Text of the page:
Voices

What We’re Reading: The Death of Grantland, Star Wars, and Bernie Sanders’ Reddit Army

​Here’s what you missed while lamenting the death of Grantland… 1

Backchannel: Homejoy at the Unicorn Glue Factory

Selected by Jordan Teicher, senior editor

Earlier this week, Christina Farr wrote an eye-opening post-mortem about Homejoy, a startup that was attempting to become the Uber for cleaning.

The story takes a look at startups, freelancing, tech culture—basically every major concept Contently cares about—and through detailed reporting, Farr shows the dark side of what happens when companies prioritize growth over everything else. Uber and Snapchat can lose hundreds of millions of dollars and still have valuations that are worth more than the GDPs of most countries, but these are rare exceptions, as you’ll see in this cautionary tale.​

Matter: American Horror Story: The Cecil Hotel

Selected by Ryan Galloway, senior managing editor

Josh Dean’s piece about the tragic death of a young student is long, but forgivably so. It’s an exhaustively researched and well-reported piece that accomplishes a lot.

Dean analyzes and ultimately dispels the conspiracies that have swirled around Lam’s death for years. And, in so doing, manages to restore a measure of humanity to someone who’d become a kind of fetish object for scores of armchair detectives. It’s very worth your time.

The New Republic: Can Bernie Sanders’s Reddit Army Get Organized?

Selected by Esme Cribb, editorial intern

How do you translate the glacial pace of politics into the real-time frenzy of dialogue on the Internet? And how do you convert online hype into real-world organization, especially on Reddit?

If the Internet evens the playing field for every opinion—good, bad, and memetic—is there any way to put those beliefs into practice, specifically to win a presidential election? This article raises more questions than it answers, but given the intense conversation around the 2016 election more than a year out, it’s a must-read.

The New York Times: ‘Star Wars’ Doesn’t Belong to George Lucas. It Belongs to the Fans

Selected by Dillon Baker, associate editor

I love Star Wars. I grew up reading the books, watching the movies, and playing the games; I wear my Star Wars t-shirt to work regularly; I forced my parents to name my dog Luke; and I may2 have begun to cry while watching the first teaser trailer for the newest film in the series, The Force Awakens. It’s a big part of my life.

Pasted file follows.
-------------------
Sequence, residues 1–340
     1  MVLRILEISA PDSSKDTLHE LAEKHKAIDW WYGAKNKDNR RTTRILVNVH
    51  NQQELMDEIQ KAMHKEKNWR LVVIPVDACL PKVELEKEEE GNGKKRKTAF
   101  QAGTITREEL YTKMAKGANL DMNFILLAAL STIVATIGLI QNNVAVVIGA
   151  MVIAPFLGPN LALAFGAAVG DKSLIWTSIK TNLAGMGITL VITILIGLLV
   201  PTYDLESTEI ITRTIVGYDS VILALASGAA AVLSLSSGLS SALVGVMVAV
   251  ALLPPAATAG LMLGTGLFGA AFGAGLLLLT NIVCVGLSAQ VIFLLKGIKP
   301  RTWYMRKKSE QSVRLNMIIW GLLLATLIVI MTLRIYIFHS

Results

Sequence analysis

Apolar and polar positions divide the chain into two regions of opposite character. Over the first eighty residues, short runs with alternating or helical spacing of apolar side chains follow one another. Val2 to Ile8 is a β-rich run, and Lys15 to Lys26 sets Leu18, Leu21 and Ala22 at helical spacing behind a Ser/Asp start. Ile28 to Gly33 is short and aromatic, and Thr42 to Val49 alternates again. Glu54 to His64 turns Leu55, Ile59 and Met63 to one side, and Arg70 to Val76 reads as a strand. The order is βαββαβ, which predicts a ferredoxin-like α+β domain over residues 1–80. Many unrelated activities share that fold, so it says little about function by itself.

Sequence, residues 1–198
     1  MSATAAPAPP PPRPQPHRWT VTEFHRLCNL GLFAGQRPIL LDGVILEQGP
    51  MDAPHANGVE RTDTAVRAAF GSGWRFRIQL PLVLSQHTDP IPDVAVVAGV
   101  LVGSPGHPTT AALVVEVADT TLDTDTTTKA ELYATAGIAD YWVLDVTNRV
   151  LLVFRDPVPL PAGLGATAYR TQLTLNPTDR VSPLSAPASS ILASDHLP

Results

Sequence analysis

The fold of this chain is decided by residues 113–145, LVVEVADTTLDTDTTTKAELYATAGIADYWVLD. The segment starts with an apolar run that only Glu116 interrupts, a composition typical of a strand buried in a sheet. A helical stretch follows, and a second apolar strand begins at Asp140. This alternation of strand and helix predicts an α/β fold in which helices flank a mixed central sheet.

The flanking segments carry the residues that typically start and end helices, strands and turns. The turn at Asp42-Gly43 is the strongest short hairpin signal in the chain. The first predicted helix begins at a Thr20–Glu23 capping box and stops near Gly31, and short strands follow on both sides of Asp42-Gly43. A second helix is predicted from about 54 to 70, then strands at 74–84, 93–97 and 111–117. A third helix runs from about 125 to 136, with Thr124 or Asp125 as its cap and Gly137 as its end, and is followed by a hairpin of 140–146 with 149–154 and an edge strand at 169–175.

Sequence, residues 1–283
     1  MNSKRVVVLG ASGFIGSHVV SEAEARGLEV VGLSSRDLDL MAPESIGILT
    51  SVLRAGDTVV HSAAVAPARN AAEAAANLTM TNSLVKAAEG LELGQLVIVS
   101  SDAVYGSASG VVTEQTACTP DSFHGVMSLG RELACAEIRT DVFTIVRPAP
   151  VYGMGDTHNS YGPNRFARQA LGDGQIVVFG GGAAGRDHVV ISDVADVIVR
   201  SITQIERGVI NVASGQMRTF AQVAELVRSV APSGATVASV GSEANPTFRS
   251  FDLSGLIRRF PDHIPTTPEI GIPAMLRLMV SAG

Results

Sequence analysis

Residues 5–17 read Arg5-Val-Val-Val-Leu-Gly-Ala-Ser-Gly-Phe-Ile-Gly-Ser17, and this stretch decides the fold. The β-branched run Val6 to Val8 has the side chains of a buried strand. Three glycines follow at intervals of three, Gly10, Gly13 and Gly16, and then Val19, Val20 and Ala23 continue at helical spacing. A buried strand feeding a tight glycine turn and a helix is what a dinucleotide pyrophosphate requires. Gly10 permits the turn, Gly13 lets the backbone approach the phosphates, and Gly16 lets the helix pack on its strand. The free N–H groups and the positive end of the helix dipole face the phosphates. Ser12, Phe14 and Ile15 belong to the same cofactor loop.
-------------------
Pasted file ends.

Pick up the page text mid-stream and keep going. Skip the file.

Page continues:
But I also had a realization recently: The movies kind of suck. I came to this conclusion while watching the 4th and 5th episodes with my girlfriend, who, to my horror, had never seen Star Wars before3.

She was unimpressed. “God, the dialogue is so cheesy.” “Luke is a terrible actor.” And worst of all: “Really, that’s the big twist?” I found myself instinctively trying to defend the movies, but I couldn’t—all of her points were undeniably true. As pieces of filmmaking, they have not aged well compared to other classics like Jaws or even the very samurai films that inspired them.

But I still love the Star Wars universe, even if I don’t love the Star Wars movies that started it all. This insightful New York Times piece gets at a lot of reasons why, while also diving into the intertwined history of the Star Wars films, marketing, and the movie industry.

Manohla Dargis concludes, rightfully so, that Star Wars is only Star Wars because of the rabid fans and thousands of creators who expanded the universe beyond what George Lucas could have possibly dreamed. That’s not a new idea, but one that bears repeating in light of the new film and the Internet’s normalization of the kind of symbiotic relationship between creators and fans that Star Wars pioneered.

But the buried takeaway here is the longstanding connection between Star Wars and Disney, a company I find endlessly fascinating and the now-owners of Star Wars properties as of 2012. The two are meant for each other. As Dargis writes, Disney devised the “cradle-to-grave entertainment” marketing scheme Star Wars perfected. Seeing them together should be one of the more interesting marketing/entertainment stories of the coming years.

ESPN: ESPN Statement Regarding Grantland

Selected by Kieran Dahl, social media editor

Grantland, my favorite way of feeling in touch with big-time sports I don’t follow and wildly popular TV shows I don’t watch, is dead. ESPN has just shut it down. This makes me and everyone from media Twitter denizens to Game of Thrones fanatics sad, least of all because ESPN’s press release reveals precisely why Grantland should still exist: “Grantland distinguished itself with quality writing, smart ideas, original thinking and fun.”

Quality! Smart! Original! Fun! (Fun!) These are words you’d use to describe a good website. Grantland was a good—great—website, but it’s dead, likely because of the same thing that has been responsible for the downfall of many wonderful Internet publications: money. Grantland’s traffic paled in comparison to its competitors, and without pageviews, there’s no advertising revenue.

In other news, Skip Bayless still has a job:

  1. If you need a refresher of what this series is, take a look at the first post.
  2. “may”
  3. She’d also somehow never seen Indiana Jones or Lord of the Rings
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